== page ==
High Expectations and Low Pay, a Teacher Compensation Model Whose Time is Done

Five years ago, The Equity Project (TEP) charter school in New York City made national headlines with promises to pay teachers an annual salary of $125,000. A new Mathematica report suggests the experiment worked.

TEP aims to address student achievement through a laser focus on teacher quality driven by a combination of high salaries and a bonus structure, a rigorous hiring process including live teaching auditions, regular embedded professional development, and high levels of accountability. The first four years of results are in. In 2013, TEP students, over 90 percent of whom qualify for free or reduced-price lunch, demonstrated 1.6 additional years of math learning and 0.4 additional years of English learning compared with matched peers.  What’s more, by foregoing administrative positions and making other trade-offs, TEP is implementing this model at the same level of public funding available to every New York charter school.

TEP demonstrates–albeit at a small scale–that it’s possible for teachers to be highly compensated without increasing costs in a real public school finance system, and that it’s possible for a public school to provide the kind of organizational structure necessary to manage highly-compensated professionals effectively.


TEP’s success is compelling because if we agree that teachers are the most important in-school factor driving student achievement, then getting the best people in classrooms has to be a high priority. And salary has to be part of that strategy. If we truly want the best and brightest to enter our classrooms and to stay there, then the teaching profession has to be an attractive choice for people with lots of options. As a nation, we must stop relying on good feelings about public service as an antidote to paying low salaries for professional work requiring significant investment in education and training. A big piece of attracting smart people to difficult jobs with high expectations is the promise of economic gain.

I don’t mean to suggest that paying teachers very highly is the answer to all of public education’s woes. It’s not. And the news from TEP isn’t all positive. TEP turned over nearly half of its teacher workforce in the first year. But the fact of the matter is that by several measures, TEP’s students are thriving. And the turnover rate has gone down over the four years of the study, showing that organizationally TEP has figured something out about hiring, evaluation, and personnel support.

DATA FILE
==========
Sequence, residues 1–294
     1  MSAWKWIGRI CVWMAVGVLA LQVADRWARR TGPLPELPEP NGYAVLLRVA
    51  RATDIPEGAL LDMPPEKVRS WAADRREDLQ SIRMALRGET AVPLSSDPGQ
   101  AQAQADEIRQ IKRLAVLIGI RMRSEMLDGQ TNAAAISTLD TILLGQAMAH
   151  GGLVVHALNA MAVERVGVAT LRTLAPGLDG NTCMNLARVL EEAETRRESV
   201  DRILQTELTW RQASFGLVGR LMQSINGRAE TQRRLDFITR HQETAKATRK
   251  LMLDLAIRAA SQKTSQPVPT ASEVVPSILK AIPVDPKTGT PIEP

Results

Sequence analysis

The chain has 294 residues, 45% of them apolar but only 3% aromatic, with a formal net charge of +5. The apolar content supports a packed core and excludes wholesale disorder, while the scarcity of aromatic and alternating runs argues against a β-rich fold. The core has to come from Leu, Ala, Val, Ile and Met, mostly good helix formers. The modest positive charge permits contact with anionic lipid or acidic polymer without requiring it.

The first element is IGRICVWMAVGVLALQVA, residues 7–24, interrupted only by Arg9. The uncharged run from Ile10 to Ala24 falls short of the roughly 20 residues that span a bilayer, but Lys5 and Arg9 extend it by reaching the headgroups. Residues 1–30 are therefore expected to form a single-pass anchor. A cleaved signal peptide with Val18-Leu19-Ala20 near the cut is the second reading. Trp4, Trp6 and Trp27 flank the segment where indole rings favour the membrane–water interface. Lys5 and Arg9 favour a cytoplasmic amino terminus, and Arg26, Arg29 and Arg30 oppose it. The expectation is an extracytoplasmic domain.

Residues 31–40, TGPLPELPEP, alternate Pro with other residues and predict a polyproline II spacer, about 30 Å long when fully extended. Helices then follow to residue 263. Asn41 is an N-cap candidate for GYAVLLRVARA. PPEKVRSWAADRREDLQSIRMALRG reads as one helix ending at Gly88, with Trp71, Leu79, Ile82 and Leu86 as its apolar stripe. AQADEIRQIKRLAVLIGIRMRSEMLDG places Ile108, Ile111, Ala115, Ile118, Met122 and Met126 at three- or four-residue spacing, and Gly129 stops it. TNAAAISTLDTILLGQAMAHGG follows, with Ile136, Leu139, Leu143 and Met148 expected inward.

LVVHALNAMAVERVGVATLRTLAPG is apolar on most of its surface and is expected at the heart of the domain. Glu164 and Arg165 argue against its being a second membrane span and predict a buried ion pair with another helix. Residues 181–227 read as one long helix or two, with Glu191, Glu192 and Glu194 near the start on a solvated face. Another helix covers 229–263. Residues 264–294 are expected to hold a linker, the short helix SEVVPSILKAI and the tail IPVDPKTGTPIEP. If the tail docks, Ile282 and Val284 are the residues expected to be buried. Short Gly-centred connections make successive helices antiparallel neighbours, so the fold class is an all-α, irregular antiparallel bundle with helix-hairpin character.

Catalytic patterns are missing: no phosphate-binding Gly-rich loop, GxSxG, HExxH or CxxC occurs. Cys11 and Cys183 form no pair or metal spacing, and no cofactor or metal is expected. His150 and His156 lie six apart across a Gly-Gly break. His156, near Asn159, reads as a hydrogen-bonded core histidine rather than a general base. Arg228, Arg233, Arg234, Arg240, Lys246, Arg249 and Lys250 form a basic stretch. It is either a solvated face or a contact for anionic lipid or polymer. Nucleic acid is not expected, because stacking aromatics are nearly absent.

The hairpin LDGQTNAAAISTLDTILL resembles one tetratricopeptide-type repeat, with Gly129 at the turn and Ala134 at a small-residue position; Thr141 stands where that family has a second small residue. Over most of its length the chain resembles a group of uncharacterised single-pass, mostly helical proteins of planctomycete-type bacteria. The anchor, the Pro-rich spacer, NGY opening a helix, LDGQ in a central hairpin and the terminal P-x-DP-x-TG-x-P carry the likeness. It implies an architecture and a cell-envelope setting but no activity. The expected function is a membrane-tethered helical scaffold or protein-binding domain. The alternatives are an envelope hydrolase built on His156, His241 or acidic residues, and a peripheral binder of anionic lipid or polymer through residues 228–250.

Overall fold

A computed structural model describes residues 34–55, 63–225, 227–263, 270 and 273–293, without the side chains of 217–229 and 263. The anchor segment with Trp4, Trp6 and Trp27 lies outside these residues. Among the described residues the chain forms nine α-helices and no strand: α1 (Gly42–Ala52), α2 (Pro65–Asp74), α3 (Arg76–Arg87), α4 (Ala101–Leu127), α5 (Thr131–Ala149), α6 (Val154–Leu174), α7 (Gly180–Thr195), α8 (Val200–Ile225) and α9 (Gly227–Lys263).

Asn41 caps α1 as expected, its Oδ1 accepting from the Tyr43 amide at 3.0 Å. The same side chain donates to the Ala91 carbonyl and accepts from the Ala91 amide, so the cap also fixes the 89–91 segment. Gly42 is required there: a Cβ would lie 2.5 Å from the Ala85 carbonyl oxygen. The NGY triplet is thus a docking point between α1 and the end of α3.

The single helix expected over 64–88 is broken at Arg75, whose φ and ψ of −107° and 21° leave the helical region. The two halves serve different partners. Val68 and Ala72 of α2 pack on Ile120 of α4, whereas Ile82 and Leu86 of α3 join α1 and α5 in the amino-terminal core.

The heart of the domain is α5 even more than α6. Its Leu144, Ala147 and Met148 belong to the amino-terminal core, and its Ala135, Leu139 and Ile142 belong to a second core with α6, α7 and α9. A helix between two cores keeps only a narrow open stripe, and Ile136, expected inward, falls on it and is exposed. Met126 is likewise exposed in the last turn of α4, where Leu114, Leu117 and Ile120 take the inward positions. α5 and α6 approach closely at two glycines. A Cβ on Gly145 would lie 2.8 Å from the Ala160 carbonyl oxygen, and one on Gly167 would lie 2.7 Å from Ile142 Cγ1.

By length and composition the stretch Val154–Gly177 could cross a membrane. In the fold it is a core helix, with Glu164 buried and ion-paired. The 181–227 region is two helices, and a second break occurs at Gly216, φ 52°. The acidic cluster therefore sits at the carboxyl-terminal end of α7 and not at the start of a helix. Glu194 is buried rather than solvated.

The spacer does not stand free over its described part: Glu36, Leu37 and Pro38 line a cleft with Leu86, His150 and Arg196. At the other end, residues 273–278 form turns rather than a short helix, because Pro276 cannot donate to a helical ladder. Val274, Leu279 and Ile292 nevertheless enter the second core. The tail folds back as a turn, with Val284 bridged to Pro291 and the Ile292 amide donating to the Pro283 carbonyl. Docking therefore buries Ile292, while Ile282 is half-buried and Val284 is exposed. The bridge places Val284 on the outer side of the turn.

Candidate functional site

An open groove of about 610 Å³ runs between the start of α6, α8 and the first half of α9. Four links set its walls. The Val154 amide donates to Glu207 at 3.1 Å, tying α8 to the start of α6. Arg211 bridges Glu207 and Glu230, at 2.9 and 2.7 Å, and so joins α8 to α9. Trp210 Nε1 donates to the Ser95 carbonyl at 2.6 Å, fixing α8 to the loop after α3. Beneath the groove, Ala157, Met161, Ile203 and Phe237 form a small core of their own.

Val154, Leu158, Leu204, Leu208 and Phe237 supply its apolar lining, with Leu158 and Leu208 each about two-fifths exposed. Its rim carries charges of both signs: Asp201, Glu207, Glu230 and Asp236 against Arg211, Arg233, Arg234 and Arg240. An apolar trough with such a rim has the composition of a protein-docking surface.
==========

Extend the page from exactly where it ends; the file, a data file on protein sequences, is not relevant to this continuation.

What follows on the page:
Significant barriers exist to sweeping changes in teacher compensation policy in public schools. To make this type of model work, building-level administrators need much higher levels of budget and staffing autonomy. Decentralizing these processes would be sea change compared to most current public school administrative structures. However, as TEP’s model demonstrates, fitting a much higher level of compensation into the same or similar levels of overall school funding requires trade-offs like larger class sizes, fewer supports, and more administrative responsibilities for teachers. Determining what trade-offs will work for staff and students has to be a building-level decision, which means relinquishing central control over hiring, dismissal, staffing patterns, and salary determinations.

More broadly, getting from where we are today to a large-scale model in which as many smart, talented people are clamoring to become teachers as investment bankers (or lawyers or any other highly compensated profession requiring at least a college education) would represent a tremendous cultural shift.

TEP is one small example and one model. More proof points will be required to begin movement toward large scale shifts in the theory of teacher compensation. Currently, charter schools, which operate on a decentralized model, offer the best opportunity to create these proof points. Yet charters comprise only about 6 percent of public schools.

But teacher pay is too big of an economic incentive to continue largely ignoring as too expensive or too difficult. And if TEP shows us that a highly paid, highly accountable cadre of teachers can produce consistent, high levels of achievement for traditionally underserved students in a public school setting at typical funding levels, surely that’s potential worth exploring.